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Hipparcos catalogue question

  1. Oct 15, 2006 #1

    I have questions related to the hipparcos catalogue. I like to know what kind of star-properties it is possible to extract from this catalogue.

    I was already at the hipparcos-website to try to figure it out myself, but as I am anything else than an expert on the matter, I got very confused about all the attributes in the catalogue. I hope someone here can help me out a little...

    As far as I know, I can get the star's distance and its luminosity and of course position from the catalogue. What I like to know is, can I get the following properties also?

    -Star type (white dwarf, neutron star, red giant, multiple star system, ...)
    -velocity(transverse / radial)

    I know this is somewhat of a general question, but Im really out in the wind here, trying to get a basic Idea of the whole thing, on whats possible and whatnot. Also can I get everything I get out of the hipparcos catalogue out of the Tycho catalogue, only less accurate?

    Any help would be great, and really appreciated!
  2. jcsd
  3. Oct 15, 2006 #2


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    I am not an expert, but I have already used http://archive.ast.cam.ac.uk/hipp/hipparcos.html. It contains the measured data by hipparchos and thus you can find there photometric and astrometric information, but not any (post-processed) information that infers about properties of the stars from the measured data. So, additionally to the magnitude and position, you can find there the parallax and the proper speed. The other information you ask for is not available there.
    Last edited by a moderator: Apr 22, 2017
  4. Oct 15, 2006 #3


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    As hellfire said, HIPPARCOS only reports on the parameters it directly observed, and some that are directly derivable. That's the nature of surveys - they aim to report only on what they directly observe.

    Some of the other parameters you are interested in are available in other catalogues (radial velocities and some kind of effective temperature can be determined directly from spectra, for example), but others are model dependent, and will come with a wide range of uncertainties (e.g. masses and diameters are much more accurately estimated for (certain kinds of) binaries than for single stars).
  5. Oct 15, 2006 #4
    Thanks for your help.

    So if I have understood it correctly, temperature and radial velocity is derivable from the data within the hipparcos catalogue?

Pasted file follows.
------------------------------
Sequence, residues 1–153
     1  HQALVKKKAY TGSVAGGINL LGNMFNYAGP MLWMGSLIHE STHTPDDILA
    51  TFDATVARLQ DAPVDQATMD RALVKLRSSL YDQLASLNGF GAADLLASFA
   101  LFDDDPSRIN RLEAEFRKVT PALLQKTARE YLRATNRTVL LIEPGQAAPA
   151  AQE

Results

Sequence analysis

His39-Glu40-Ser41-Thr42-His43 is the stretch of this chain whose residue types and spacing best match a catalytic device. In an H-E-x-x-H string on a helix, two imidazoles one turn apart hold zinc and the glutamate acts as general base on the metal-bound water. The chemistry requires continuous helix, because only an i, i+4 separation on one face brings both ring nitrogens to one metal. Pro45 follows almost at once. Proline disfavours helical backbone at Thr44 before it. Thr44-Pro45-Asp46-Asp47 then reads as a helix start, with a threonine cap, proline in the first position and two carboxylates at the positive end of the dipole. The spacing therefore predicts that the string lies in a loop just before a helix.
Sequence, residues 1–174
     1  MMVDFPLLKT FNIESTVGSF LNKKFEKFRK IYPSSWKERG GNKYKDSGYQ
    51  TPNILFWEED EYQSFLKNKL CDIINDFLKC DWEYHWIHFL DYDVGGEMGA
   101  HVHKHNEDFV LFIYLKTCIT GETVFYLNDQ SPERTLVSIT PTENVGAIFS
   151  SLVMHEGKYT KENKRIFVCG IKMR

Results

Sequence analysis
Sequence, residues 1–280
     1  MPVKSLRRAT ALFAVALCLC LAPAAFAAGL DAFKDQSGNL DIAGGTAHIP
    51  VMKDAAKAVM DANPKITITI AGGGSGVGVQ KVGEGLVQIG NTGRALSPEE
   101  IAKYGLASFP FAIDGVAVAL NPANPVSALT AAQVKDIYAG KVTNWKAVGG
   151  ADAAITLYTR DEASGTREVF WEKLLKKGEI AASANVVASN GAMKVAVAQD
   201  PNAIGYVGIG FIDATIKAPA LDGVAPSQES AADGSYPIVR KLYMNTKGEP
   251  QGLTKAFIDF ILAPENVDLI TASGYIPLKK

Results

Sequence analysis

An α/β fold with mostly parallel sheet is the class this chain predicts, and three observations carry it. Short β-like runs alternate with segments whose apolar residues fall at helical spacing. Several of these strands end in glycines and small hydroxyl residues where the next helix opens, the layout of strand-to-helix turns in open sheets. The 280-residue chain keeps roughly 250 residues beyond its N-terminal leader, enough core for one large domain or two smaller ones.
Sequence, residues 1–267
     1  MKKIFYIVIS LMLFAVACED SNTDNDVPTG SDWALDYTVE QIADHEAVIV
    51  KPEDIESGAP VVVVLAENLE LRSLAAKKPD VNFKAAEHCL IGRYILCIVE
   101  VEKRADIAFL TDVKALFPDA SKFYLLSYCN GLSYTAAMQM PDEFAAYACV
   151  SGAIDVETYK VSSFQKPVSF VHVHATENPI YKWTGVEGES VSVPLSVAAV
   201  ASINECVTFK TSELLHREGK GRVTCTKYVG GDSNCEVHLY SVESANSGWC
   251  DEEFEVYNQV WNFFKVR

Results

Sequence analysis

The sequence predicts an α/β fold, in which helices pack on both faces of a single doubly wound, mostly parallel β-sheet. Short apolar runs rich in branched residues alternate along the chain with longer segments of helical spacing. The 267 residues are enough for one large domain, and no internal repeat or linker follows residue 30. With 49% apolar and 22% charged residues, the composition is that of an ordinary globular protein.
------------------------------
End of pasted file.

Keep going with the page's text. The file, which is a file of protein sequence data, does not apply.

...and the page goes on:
6. Oct 15, 2006 #5


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    They are derivable from the spectra of stars; HIPPARCOS did not observe spectra.

    An estimate of the radial velocity comes from the shift of the lines in the spectra - towards the blue or red - corrected for the motion of the observatory, at the time of the observation, with respect to the solar system barycentre. In the case of binaries, a correction for the motion around the common centre of gravity may also be applied (assuming it can be determined).

    An estimate of some kind of temperature comes from either an analysis of the strengths of lines, in relevant series, or a general fit of the continuum. These may give different estimates (the lines and continuum may come from different regions of the star), and in any case are only valid in a somewhat narrow sense (think of it like this - what is 'the temperature of the Earth'? There is no one single answer that has general meaning).
  7. Oct 15, 2006 #6
    ok, thanks for the explanation. As I read in the documentation of the Hipparcos data, it has astromertic and photomertic data in the catalogue. Do you happen to know what the photometric data is good for then? I know there's a spectral type included in the data also (star class...), is this based on photometric data?
  8. Oct 17, 2006 #7


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    The photometric data (IIRC, there are two sets) simply gives a consistent (?), well-defined value for the apparent magnitude of the star, at a particular epoch (or epochs, if observed more than once, as most of the stars were).

    That it is a consistent dataset is very valuable; it provides (potentially) a means of calibrating the ground-based photometric data, which suffers from a wide range of (mostly very well-known) systematic and random errors.

    The spectral class data comes from other sources (IIRC, the catalogue lists them).
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